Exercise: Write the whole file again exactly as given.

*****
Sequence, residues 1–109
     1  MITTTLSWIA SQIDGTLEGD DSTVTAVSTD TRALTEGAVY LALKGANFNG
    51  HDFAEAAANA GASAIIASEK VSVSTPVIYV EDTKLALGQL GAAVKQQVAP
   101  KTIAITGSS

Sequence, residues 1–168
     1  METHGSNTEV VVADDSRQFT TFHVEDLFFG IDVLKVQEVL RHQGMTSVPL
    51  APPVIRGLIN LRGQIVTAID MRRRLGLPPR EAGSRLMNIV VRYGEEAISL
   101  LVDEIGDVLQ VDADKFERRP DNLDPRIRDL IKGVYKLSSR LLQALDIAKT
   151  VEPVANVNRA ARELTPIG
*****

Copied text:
Sequence, residues 1–109
     1  MITTTLSWIA SQIDGTLEGD DSTVTAVSTD TRALTEGAVY LALKGANFNG
    51  HDFAEAAANA GASAIIASEK VSVSTPVIYV EDTKLALGQL GAAVKQQVAP
   101  KTIAITGSS

Sequence, residues 1–168
     1  METHGSNTEV VVADDSRQFT TFHVEDLFFG IDVLKVQEVL RHQGMTSVPL
    51  APPVIRGLIN LRGQIVTAID MRRRLGLPPR EAGSRLMNIV VRYGEEAISL
   101  LVDEIGDVLQ VDADKFERRP DNLDPRIRDL IKGVYKLSSR LLQALDIAKT
   151  VEPVANVNRA ARELTPIG